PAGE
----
Data Security Laws

Data Security and Data Breach Notification Laws #

Nothing comprehensive at the federal level; states have all the power here.

State Data Breach Notification Laws #

  • Each state, plus DC/PR/VI/GU have one
  • Laws share many commonalities, but plenty of variation
  • Discovering/being notified of a “breach of the security of the system” triggers duty to notify
  • Any state resident whose “personal information” (PI) was, or is reasonably believed to have been, acquired by an unauthorized person
  • Definitions comonly used by many states:
    • Breach of security of system: unlawful, unauthorized acquisition of PI
    • PI: first name/initial + last name + 1 more of
      • SSN, DL/ID card number, account/credit/debit number + pin/code/password
    • Laws generally apply to computerized data that includes PI
    • Excludes publicly available information lawfully made available to the public by government or media
    • Many states add more types of info to definitions of PI

Ex: in California

  • Need to notify attorney general (AG)’s office if organization has data breach
  • AG’s office curates list of data breaches on website; searchable by name and date; includes both private entities and CA public entities

Some states require notification ASAP

  • Criticism is that this forces notification before it is clear what exactly happened; vague initial notices can sow fear/uncertainty/doubt among public

State Data Security Laws #

  • About half of states have these; some apply to business only, government only, or both
  • Number of states with these has doubled since 2016
  • Some commonalities with a lot of state-by-state variance
  • In general, businesses that own, license, or maintain “personal information” about a state resident must
    • Implement and maintain “reasonable security procedures and practices” appropriate to the nature of the information
    • Protect the personal information from unauthorized access, destruction, use, modification, or disclosure
  • Some states have “sectoral laws”; e.g. payment card info, health data, etc
  • Some states impose specific security requirements (e.g. CO, MA, NY)
    • MA sued Equifax over breach since Equifax violated many provisions of its data security law; recently settled for millions of dollars

The evolution of California data security laws #

  • 2016: CA data security law: reasonable security procedures if maintaining personal data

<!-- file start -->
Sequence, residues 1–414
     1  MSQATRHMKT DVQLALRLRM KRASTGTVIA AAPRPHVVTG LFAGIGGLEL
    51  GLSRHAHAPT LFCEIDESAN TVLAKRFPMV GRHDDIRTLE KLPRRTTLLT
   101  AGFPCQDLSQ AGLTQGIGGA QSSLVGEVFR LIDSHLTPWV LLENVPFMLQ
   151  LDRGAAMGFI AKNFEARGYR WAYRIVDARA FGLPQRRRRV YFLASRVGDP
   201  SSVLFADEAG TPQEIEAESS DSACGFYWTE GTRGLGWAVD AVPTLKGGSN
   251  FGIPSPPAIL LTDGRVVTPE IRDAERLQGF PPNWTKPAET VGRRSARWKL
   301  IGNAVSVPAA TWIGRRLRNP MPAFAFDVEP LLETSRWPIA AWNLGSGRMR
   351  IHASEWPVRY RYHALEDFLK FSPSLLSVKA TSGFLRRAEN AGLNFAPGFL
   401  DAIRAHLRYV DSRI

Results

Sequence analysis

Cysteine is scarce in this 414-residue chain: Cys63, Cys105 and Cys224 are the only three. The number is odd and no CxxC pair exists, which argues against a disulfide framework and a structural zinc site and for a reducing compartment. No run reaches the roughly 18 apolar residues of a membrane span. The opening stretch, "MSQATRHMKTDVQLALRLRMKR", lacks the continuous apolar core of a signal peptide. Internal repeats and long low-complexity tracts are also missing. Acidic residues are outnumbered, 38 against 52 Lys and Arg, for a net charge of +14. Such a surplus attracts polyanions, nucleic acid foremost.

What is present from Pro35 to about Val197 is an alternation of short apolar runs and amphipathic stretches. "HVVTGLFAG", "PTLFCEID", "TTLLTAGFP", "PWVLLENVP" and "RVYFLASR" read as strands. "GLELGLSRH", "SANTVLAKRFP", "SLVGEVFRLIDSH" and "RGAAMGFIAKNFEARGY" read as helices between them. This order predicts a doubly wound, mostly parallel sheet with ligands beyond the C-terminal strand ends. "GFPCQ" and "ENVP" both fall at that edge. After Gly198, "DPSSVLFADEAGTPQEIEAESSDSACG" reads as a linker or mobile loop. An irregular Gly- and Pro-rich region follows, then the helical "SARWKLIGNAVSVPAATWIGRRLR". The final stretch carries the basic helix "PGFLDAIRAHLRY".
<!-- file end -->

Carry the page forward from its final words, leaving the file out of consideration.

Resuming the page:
• 2019: Equifax addition: consumer credit reporting ages need to do software updates ASAP
  • 2020: California Consumer Privacy Act (CCPA) (see: ECPA lecture): allows individuals to sue companies for punitive ($100-$750) or actual damages if “nonencrypted and nonredacted” PI is exfiltrated
  • 2023: California Privacy Rights Act (CPRA): expands definition of personal information

NY Department of Financial Services regulations #

  • 2017: NYDFS enacted Cybersecurity Regulation; specifies minimum cybersecurity requirements for all covered financial institutions
    • Periodic risk assessments
    • Audit trail for cybersecurity events
    • Data retention limits and access controls for PII
    • Incident response plan
    • Encryption of sensitive data
    • Deploy multifactor authentication
    • Annual compliance certification
  • Criticism: rules may be rigid and unworkable
  • First enfocement action: July 2020, against First American Title Insurance Co.
    • Vuln dating back to May 2014 detected in December 2018, and company waited 6mo+ to notify customers
    • Anyone with a web browser could access millions of customers’ PI dating back 16 years
  • First penalty: March 2021, $1.5 million, against Residential Mortgage Services Inc.
    • Routine compliance exam revealed RMS hadn’t disclosed 2019 data breach or done required risk assessments
  • Now, FTC wants to be more like NYDFS
    • Gramm-Leach-Bliley Act “Safeguards Rule”: FTC is one of several agencies that GLBA gives regulatory and efnorcement authority re: how financial institutions protect consumer info
    • FTC wants to amend Safeguards Rule to imitate NYDFS regs

Federal Agency Enforcement #

SEC Breach Notification Requirements (and Data Security) #

  • Public companies must report “material” events to shareholders
    • “Material”: substantial likelihood that info might be important to make an investment decision